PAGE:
Best ways to add weight for your push ups and pull ups will be via a weighted vest or chains.  I also like using band tension for my push ups and for pull ups, just put a DB in between your feet and go from there!

Now go crank em’!

Key Focus #3 – Key Assistance Work

One of the major mistakes people make when trying to increase their pull ups or push ups is by neglecting key assistance work and instead just focus on the main movements themselves.

While this will work, it will only work so much.  Sooner or later you’ll hit a wall.

By adding in key assistance movements, you’ll help improve your main movements in order to bust past that wall.

It’s just like with deadlifts in that you’re not just going to do deadlifts in order to improve on them.  You’ll want to add in assistance movements such as glute ham raises, good mornings, RDL’s, reverse hypers, kettlebell swings, ect.

By adding in those assistance movements you’ll get much faster results.

Now, when it comes to push ups and pull ups, here are my favorite assistance movements:

Push Ups – Hand Walking variations, Bench Press, DB Bench, Dips (assistance dips), suspended skull crushers, planks (mostly for core strength), DB Military Press, Incline DB Bench, Close Grip Bench Press, Wall Walks

Pull Ups – Band Pull Aparts, Suspended Recline Rows (work ALL angles), Band Assisted Pull Ups, Negative Pull Ups, Recline Rope Climbs, DB Bent Rows (1 and 2 arm variations), Barbell Bent Rows, Grip Work (stronger grip = more pull ups)

Really, what it all comes down to is to get in a good mix of different pulls and pushes that will help your body get stronger in lot of different planes of motion instead of just a few.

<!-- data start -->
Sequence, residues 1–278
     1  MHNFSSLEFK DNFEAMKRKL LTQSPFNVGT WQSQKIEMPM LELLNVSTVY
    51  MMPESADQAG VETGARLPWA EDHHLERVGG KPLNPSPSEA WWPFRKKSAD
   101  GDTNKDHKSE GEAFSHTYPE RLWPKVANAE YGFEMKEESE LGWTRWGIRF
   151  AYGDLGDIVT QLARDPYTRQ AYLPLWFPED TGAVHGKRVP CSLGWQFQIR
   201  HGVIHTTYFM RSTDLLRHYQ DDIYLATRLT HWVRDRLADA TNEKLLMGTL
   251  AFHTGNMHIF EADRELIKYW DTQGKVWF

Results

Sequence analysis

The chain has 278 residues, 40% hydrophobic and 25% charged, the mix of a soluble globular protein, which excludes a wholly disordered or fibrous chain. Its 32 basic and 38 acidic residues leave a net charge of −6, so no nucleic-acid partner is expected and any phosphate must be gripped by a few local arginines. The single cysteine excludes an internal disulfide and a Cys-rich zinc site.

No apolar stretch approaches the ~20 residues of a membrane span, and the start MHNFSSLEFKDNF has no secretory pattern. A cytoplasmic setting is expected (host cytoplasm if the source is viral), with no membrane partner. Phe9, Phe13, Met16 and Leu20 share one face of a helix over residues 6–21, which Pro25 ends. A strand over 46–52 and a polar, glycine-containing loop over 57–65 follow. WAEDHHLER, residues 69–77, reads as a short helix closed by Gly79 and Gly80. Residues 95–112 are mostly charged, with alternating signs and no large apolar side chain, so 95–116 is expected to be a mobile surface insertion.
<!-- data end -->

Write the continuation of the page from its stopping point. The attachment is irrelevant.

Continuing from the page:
You’ll get some great mileage out of hitting just the main movements themselves, but at some point you’ll need to call in for backup.  Adding in the assistance movements I mentioned above will help do the trick.

Key Focus #4 – Failure NO More

This key here is simple – No more going to failure.

What!?  You don’t want me to go 110% H.A.M.!?

I thought I was supposed to give every set, everything I had???

Just hold up a sec…

Let me explain for the sake of STRENGTH and getting STRONGER 😉

Yes, I still want you to give every set you do everything you have, but just avoid going to complete failure.

When you start to grind reps out, your form starts to diminish, and your overall speed of movement slows by a large amount, STOP your set right there.

When it comes to pull ups and push ups, always think about staying at a few reps above failure.

What this will do is allow you to recover faster from your sets in order to stay fresh.

When you train to complete failure or close to it, you not only tax your muscles to a large degree, you also tax out your nervous system.

It takes your nervous system a lot longer to recover from workouts then it does for your actual muscles to recover.

Not training to failure will help you avoid taxing out your nervous system which will then allow you to train with more intensity more often.

YES – you still want to train 110% H.A.M., but train SMART.

I see younger athletes training to failure way too often.

It never fails when I have a young athlete come in for the first time.